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I am currently working on the ground station for my FPV-project, and need help to decide whether I need a diversity receiver system or not.

About the project:

The transmitter will transmit video from a KX131-camera with overlay from a custom made BOB-4 based OSD on the video channel, and APRS-packets from a TinyTrak3 on the audio channel.

The APRS-packets will be used to calculate azimuth and elevation for the receiver antenna(s). I have built Bob Ball's PIC-based TNC, and is allmost finished with the rotor controller and az/el-calculator. The software is made using basic for PIC microcontrollers (a PIC18-series microcontroller will be used due to advanced trigonometric calculations and lots of float-type variables), and show the calculated angles on a 16x2 LCD-display. The rotor itself uses a 180/180-degree az/el setup with standard RC-servos, which means the antenna will be upside down when accessing azimuth-angles from 180-360 degrees (I will build a more rigid rotor with small geared DC-motors later).

Diversity or not?

Because of the precise antenna rotor, I will use high gain antennas with 30 degree beamwidth or lower. This means I will receive a minimum of reflections from the ground, nearby buildings eg. So, is it really necessary with a diversity system when the antennas have such low beamwidth?

I was also thinking about polarisation-diversity; either LHCP/RCHP, or vertical/horisontal. What do you think about this?

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Polarisation-diversity would be the only advantage. If you are flying distant gentle missions then I say don't bother but if you fly 3D or over head i say go for it.

Terry

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This schematic explains my setup much better...

post-8-1194691667_thumb.jpg

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Polarisation-diversity would be the only advantage. If you are flying distant gentle missions then I say don't bother but if you fly 3D or over head i say go for it.

Terry

Ok, thanks for the reply.

I will fly non-acrobatic and distant.

Another problem just popped into my head:

The rotor will be refreshed a little less than once a second, so when landing near the rotor, it can get problems following the fast motion. This could be solved by a low gain antenna not being controlled by the rotor, fed into the diversity-controller along with the other high gain antenna.

Again, I am wondering if this is neccesary... When the plane is so close to the high gain antenna, I'll guess it will get a good signal strenght no matter where the antenna points.

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When the plane is so close to the high gain antenna, I'll guess it will get a good signal strenght no matter where the antenna points

Hi jonpet,

That's right. Just don't forget about dropouts due to reflections, wherever they may come from.

I strongly recommend to go for a diversity solution. Interference occurs easily and when I watch the leds on my diversity system, it sometimes switches so fast between the two antennas because the wavelength at 2.4GHz is just about 13cm and dropouts are easily produced.

I recommend a combination of a high gain vertically polarized antenna (14-15dB Patch or a 17dB Yagi which matches exactly the frequency of your videoTX because of their narrow bandwidth), and an 8dBi Patch or even an omnidirectional rubber duck for the near field. I had excellent results with this combination, even in urban environments with LOTS of other RF sources around, as there were very strong wireless room to room video transmission systems in the nearby houses, WLAN, Bluetooth, GSM,... Make sure you're the only one on "YOUR" channel, and you'll be happy with this setup :rolleyes:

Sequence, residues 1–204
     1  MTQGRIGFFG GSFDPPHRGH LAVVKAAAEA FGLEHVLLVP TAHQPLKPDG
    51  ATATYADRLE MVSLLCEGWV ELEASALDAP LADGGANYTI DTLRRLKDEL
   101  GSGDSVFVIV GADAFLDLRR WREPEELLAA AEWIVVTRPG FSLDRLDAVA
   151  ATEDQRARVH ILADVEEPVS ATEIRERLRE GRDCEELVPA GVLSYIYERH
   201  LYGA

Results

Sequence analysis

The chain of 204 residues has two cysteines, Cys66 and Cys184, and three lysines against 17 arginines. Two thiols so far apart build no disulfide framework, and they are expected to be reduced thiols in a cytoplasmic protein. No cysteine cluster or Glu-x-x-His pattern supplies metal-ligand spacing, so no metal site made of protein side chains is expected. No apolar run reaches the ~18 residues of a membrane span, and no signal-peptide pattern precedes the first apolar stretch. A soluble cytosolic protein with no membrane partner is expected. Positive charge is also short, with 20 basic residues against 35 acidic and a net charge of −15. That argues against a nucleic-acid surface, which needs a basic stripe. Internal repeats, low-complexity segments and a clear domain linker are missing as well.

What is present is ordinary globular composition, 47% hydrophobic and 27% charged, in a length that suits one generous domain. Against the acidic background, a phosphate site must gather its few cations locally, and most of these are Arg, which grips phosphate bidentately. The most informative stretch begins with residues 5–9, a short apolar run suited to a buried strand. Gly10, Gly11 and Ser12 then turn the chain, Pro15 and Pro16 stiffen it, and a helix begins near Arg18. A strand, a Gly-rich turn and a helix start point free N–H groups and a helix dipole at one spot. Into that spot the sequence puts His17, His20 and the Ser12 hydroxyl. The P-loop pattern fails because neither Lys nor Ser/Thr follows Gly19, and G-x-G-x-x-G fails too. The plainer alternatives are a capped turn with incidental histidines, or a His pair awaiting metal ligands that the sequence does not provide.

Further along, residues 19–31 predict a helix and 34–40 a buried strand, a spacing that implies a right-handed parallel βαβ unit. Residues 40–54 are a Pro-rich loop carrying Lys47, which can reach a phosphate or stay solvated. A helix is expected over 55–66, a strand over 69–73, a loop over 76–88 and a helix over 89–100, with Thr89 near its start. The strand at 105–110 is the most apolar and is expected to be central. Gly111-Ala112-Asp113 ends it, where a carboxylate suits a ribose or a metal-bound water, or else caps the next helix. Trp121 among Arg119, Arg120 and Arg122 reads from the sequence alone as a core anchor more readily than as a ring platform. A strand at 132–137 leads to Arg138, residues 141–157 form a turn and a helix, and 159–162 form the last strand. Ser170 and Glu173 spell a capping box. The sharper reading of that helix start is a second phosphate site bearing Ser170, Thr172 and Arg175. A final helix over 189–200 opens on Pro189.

I'm very interested in your antenna tracking solution and I would love to see how you proceed and to see the results. I was thinking of exactly the same setup with the TinyTrak and so on. Just one little difference, I considered a seperate TX for the APRS to make sure it ALWAYS gets to you, regardless the video link. That's because you need the GPS data to control Az/El of the antenna for the video link, so you must not loose the audio link.

Cheers,

Hartwig

Edited by Hartwig

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I think the question should be 'why not' go diversity. The added cost, weight power used will not be great for your set up.

Terry

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Hartwig, your post allmost completely changed my mind... ;) The question is if I really want to pay 200$ extra to eliminate a few dropouts when landing. When I fly at high altitude (as I will do 95% of the time), the diversity makes no sense.

Another important factor is that I will need to reconstruct the az/el rotor to hold two antennas.

By the way I have just found out I will buy the HeadPlay video googles. Yes, they are expensive, but they are the only option because of my rather wide interpupillary distance, making the cheap video googles with 63mm IOD unuseable to me.

So, the HeadPlay costs 500$, two lawmate receivers plus a 1000mW transmitter cost 215$, the Oracle diversity controller cost 150$ and the antennas cost 100$. That makes 965$ only for the AV-system excluding OSD and antenna-rotator... Way too much... ;)

Today i have taken a few photos of the rotor so far, shifted the oscillator on my BOB4 from 75MHz to 74.25MHz (the soldering was easier than expected :) ), and got my last order from HobbyCity. These parts will be used in my TwinStar II.

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Edited by jonpet55

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When I fly at high altitude (as I will do 95% of the time), the diversity makes no sense.

If you mean you are flying almost overhead then Polarisation-diversity would be an advantage.

Terry

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I can see I expressed myself a little wrong. I meant traditional diversity setup to eliminate problems caused by multipathing. I think I have found a solution to eliminate the polarisation problems. I'll use a circular polarized antenna instead, then I will loose a constant 3dB instead of up to 24dB. Another problem is finding a high gain circular polarized antenna. I think I'll have to make myself a helix (a crossed yagi for 2.4GHz is just too much job)...

Edited by jonpet55

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I have great results with this one (vertical polarization):

http://www.lechner-cctv.de/artikel_einzeln...q7bc8t1plavdjm4

...and this one (circular polarization):